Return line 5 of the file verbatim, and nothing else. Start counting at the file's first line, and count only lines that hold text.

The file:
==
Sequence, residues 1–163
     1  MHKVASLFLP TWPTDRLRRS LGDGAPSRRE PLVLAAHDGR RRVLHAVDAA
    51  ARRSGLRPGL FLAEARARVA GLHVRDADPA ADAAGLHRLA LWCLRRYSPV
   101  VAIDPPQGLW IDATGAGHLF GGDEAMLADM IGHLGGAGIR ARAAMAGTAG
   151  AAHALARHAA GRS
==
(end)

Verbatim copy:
   151  AAHALARHAA GRS